Last Week in Review: Fear Versus Hope Driving the Markets Again
This past week, Freddie Mac reported mortgage rates hit the lowest in U.S. history — 3.13%.
The improvement in rates is a direct result of jobs returning, lowering the risk of mortgage default, coupled with increased competition forcing the industry to “sharpen” pricing.
What happens next for rates?
We are watching fear versus hope play out again and the coronavirus is taking the headlines.
A spike in cases and hospitalizations in several “re-opened” states is causing fear, anxiety, and uncertainty, which Stocks hate and Bonds and interest rates love.
On the other side of the coin, there are many positive, optimistic, and hopeful reasons why Stocks remain elevated and are limiting the improvement in rates. These include:
- States and businesses re-opening.
- Fed stimulus continuing to support Stocks and Bonds.
- Low rates helping homeowners and fueling consumer spending.
- Pent-up demand. The savings rate hit 33%, with many Americans staying home and just starting to get outside.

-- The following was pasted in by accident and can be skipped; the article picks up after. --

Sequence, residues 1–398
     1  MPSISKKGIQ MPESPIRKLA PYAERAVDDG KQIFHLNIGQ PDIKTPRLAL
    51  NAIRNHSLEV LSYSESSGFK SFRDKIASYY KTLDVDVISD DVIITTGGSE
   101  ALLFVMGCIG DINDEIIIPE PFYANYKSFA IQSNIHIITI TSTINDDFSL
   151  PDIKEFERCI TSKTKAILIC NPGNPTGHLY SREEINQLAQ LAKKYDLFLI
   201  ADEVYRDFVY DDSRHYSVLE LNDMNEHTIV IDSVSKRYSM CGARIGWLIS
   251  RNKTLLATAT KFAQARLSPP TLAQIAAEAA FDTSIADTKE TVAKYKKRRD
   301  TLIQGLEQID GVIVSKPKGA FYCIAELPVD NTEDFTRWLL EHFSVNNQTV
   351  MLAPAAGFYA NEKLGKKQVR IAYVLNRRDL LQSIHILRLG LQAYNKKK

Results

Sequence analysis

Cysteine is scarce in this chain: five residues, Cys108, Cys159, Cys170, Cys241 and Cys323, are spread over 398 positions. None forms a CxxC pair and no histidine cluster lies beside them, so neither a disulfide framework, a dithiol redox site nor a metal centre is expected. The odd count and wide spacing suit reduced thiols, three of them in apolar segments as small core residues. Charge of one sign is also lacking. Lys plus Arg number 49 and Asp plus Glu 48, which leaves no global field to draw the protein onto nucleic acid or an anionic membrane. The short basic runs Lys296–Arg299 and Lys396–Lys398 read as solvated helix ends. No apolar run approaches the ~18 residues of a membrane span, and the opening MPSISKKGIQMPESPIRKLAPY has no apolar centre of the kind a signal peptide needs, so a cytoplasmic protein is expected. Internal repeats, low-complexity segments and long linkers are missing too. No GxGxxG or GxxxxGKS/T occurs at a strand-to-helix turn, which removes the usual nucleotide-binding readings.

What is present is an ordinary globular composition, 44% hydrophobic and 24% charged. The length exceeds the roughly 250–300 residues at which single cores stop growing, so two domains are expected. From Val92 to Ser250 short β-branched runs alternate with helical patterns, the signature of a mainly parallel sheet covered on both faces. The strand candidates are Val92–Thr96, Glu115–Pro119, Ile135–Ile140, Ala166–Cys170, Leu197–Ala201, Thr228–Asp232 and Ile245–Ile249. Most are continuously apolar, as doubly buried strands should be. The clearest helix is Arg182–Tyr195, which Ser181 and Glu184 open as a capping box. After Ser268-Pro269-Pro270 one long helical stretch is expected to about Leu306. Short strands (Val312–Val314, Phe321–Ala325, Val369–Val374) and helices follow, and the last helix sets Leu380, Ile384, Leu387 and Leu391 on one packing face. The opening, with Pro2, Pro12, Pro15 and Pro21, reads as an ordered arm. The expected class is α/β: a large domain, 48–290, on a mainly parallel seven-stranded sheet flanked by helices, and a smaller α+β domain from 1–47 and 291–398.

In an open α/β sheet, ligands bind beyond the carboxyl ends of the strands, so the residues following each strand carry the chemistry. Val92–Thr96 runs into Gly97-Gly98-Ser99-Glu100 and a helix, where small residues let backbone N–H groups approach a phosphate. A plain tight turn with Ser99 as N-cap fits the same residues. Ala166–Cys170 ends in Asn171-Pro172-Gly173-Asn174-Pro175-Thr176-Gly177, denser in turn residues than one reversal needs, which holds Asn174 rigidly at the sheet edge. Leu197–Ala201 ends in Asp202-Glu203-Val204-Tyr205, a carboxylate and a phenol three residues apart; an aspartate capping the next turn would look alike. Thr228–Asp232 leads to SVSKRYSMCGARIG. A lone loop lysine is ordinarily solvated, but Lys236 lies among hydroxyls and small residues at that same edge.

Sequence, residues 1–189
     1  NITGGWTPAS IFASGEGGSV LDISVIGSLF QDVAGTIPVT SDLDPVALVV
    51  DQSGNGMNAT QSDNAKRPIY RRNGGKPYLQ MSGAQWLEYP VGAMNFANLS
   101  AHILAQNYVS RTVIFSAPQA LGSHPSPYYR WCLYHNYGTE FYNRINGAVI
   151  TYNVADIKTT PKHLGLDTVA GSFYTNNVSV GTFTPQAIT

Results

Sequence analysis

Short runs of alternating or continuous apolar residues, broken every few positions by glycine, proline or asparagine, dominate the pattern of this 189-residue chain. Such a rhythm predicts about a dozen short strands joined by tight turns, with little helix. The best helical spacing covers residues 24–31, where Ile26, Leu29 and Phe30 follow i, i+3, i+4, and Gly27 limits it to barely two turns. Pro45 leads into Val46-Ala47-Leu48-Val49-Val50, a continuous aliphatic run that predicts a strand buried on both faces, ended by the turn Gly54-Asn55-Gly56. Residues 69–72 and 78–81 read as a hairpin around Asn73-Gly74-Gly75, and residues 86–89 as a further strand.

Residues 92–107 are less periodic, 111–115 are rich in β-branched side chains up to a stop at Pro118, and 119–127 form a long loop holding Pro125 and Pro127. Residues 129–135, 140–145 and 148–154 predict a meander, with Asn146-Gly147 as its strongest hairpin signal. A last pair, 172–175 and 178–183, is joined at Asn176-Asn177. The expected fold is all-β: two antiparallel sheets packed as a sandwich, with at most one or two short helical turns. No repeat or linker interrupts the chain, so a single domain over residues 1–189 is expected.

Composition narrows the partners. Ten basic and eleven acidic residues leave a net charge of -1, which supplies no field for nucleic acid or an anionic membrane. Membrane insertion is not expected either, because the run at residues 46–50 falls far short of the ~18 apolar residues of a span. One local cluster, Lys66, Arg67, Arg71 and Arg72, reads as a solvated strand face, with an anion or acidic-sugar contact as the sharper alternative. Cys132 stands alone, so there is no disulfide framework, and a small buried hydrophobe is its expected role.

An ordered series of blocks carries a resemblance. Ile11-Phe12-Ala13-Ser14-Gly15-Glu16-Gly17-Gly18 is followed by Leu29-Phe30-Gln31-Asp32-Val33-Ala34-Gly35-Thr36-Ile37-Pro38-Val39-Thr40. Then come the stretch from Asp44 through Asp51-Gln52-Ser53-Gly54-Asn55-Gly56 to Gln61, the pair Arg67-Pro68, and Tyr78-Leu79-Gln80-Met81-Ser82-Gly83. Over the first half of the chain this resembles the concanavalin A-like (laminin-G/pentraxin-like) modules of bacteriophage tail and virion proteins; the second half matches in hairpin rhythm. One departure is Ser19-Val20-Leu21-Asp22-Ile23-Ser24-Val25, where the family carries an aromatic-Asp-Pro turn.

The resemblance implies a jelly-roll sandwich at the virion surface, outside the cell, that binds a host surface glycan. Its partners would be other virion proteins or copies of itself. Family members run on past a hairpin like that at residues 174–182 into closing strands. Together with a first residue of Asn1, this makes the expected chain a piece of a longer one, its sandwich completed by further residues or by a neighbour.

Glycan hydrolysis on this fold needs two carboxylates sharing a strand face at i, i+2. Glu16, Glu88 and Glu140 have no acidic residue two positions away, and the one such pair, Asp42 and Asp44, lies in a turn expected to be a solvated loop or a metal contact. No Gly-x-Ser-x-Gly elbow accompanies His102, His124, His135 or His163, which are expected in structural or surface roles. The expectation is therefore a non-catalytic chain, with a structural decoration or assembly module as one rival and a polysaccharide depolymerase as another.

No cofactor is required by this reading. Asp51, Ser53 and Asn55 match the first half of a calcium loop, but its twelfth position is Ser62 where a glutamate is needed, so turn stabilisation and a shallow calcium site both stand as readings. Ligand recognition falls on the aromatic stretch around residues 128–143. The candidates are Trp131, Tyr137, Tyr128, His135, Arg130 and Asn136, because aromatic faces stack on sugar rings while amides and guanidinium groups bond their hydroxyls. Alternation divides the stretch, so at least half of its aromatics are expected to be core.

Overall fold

- Homeownership demand and housing is doing extremely well and will add to the economy.
- Additional Treasury and administration stimulus will be passed to underwrite the economic recovery.
Bottom line: With home loan rates at historic lows, housing demand increasing, and many positive forces at play, today makes an incredible time to lock at the best rates ever. If the positive forces mentioned win the day and a second surge in cases doesn’t reemerge, rates may not improve much further, if at all. Finally, remember that the 10-year Note yield has not moved beneath .60% for any sustained time during the darkest days of COVID-19. This means that in order for rates to improve much further, things may have to get even more uncertain than those times.